As you may have heard earlier throughout the past year, AT&T had plans of buying out T-Mobile, thus creating a Service-Providing giant. AT&T, however, for some reason or another decided it wasn't worth it.

T-mobile AT&T Merger Fail

What that means for T-Mobile is:
  • They get a nifty check for $3 billion
  • A nationwide roaming agreement
  • 128 individual spectrum licenses covering several of the biggest markets in the US
Now, I'm not an expert, but I would say that if T-Mobile was resorting to selling or combining with AT&T, that means they must be doing pretty bad. I can only imagine what kind of benefits come from better signal, $3 billion, and more marketability.

As a T-Mobile user, I really hope that they can bounce back from this and grow. According to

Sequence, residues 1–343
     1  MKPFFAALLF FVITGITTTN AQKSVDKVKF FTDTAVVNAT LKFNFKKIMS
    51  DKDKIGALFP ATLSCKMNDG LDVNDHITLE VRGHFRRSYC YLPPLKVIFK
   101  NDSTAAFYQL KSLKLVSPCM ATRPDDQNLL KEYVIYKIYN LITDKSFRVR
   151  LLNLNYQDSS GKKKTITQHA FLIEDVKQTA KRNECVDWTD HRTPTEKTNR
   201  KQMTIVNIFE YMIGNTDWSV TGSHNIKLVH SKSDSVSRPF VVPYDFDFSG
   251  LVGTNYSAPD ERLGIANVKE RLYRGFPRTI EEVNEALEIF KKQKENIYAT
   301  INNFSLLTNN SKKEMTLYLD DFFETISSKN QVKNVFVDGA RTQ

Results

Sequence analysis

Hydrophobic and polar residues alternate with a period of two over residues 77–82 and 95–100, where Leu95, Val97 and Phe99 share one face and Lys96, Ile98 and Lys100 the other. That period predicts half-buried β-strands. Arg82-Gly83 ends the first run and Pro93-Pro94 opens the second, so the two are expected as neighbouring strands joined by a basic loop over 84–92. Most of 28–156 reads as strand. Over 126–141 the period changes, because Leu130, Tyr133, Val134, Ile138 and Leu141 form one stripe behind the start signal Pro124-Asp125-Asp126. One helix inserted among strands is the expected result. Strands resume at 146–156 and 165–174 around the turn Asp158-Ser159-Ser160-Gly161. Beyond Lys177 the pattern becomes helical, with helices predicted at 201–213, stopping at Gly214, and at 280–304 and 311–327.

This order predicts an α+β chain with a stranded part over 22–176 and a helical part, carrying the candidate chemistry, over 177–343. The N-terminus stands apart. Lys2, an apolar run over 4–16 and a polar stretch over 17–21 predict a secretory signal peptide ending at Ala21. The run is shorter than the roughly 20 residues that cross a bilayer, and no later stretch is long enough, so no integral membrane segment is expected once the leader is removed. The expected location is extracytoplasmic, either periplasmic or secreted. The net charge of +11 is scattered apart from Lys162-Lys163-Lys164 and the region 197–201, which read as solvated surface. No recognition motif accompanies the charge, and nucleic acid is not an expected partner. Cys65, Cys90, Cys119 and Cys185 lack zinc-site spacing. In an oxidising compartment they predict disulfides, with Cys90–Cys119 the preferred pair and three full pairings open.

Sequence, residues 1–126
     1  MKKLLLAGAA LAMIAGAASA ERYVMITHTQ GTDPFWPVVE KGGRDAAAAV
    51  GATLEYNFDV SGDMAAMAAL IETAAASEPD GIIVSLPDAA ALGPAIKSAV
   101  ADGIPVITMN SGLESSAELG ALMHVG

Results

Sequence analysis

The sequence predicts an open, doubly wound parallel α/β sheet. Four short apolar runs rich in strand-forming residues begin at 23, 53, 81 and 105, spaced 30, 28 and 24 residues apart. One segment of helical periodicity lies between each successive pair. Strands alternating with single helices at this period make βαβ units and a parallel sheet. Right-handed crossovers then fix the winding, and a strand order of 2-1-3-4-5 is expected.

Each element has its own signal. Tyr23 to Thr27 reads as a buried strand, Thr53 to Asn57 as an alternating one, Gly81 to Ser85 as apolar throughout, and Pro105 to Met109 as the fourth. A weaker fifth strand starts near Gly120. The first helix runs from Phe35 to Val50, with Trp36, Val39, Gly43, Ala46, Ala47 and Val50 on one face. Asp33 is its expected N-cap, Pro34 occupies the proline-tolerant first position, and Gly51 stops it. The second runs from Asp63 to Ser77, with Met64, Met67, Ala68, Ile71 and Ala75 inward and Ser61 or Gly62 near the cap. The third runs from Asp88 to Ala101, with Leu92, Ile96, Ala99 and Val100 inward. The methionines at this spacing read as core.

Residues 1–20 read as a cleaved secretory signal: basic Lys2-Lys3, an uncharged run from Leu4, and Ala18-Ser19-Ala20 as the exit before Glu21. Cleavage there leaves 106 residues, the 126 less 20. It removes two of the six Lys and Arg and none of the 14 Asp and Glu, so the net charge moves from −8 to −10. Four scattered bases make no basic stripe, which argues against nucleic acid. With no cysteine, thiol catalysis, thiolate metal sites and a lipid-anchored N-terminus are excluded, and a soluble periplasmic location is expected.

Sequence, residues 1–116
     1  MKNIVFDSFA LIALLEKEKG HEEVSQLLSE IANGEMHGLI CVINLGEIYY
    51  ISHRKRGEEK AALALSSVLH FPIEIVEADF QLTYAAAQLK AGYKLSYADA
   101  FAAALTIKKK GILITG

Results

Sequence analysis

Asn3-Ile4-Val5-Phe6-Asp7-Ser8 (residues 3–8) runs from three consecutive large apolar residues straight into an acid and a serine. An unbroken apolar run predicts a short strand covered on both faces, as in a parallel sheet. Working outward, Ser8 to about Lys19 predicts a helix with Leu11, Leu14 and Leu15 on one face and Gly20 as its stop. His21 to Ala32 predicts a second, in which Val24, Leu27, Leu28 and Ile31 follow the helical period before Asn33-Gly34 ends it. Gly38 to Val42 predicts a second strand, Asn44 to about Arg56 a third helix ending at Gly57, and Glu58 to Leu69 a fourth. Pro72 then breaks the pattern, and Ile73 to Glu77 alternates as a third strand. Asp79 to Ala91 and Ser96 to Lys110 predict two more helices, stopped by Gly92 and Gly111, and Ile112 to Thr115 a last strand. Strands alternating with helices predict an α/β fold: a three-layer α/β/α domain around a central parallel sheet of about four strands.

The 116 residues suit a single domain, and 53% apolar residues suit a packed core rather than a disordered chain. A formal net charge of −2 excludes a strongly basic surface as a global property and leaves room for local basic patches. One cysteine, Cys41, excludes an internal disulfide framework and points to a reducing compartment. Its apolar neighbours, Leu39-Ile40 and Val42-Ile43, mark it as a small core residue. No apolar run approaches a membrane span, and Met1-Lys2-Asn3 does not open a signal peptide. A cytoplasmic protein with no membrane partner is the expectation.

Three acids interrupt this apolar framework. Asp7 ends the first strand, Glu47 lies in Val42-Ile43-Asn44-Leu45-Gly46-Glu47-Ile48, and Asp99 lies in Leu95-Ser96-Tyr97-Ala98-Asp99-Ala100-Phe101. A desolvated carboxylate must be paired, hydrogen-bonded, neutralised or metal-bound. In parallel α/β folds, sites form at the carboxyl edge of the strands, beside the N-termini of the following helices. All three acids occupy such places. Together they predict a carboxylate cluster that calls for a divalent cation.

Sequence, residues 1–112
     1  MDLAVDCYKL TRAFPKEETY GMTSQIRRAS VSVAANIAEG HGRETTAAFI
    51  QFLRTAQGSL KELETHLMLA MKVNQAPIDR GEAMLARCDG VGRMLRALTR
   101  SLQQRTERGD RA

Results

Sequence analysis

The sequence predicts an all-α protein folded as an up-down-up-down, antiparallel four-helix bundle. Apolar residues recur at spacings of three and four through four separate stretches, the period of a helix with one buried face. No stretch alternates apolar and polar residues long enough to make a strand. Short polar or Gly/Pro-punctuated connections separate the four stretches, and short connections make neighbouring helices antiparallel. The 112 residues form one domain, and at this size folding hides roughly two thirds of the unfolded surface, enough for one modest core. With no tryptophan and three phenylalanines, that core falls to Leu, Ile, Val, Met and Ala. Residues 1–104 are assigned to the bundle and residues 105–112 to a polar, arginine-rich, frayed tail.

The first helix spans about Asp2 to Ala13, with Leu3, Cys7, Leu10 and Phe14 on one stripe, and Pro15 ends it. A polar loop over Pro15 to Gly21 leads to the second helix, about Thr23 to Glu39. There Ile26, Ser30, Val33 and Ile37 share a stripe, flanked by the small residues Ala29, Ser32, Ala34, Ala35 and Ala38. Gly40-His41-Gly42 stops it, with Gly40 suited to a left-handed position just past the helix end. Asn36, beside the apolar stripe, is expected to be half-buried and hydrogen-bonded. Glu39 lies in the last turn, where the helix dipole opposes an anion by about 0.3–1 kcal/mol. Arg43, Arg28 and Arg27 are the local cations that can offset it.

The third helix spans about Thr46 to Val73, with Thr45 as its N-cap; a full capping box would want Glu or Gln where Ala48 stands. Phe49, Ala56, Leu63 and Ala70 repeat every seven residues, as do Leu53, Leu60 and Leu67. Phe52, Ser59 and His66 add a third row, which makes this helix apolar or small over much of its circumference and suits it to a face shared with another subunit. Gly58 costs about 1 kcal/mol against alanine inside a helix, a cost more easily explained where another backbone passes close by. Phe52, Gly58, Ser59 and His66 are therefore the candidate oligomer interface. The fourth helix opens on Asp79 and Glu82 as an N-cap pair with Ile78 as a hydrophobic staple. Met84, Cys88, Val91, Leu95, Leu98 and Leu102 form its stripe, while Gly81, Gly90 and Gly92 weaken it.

T-Mobile picked up 128 cellular market licenses in the Advanced Wireless Service (AWS band) including spectrum in 12 of the top 20 largest markets: Los Angeles, Dallas, Houston, Atlanta, Washington, Boston, San Francisco, Phoenix, San Diego, Denver, Baltimore and Seattle. DT didn’t identify the specific licenses it won, but a quick glance at AT&T’s spectrum holdings show that these are no paltry chunks of frequencies. AT&T holds a 20 MHz block in Los Angles and Dallas, though its east coast portfolio tends to be confined to the smaller 10 MHz blocks. Unless AT&T is carving up its licenses in weird ways, it’s forking over a lot of bandwidth.

So basically AT&T not only doesn't get T-Mobile and everything they have, AT&T forks over $3 billion, 128 cellular market licenses, and a nationwide roaming agreement.

Is anyone else confused? Oh well, it's politics. If you figure out why, send me an email or tweet me on Twitter. Thanks.

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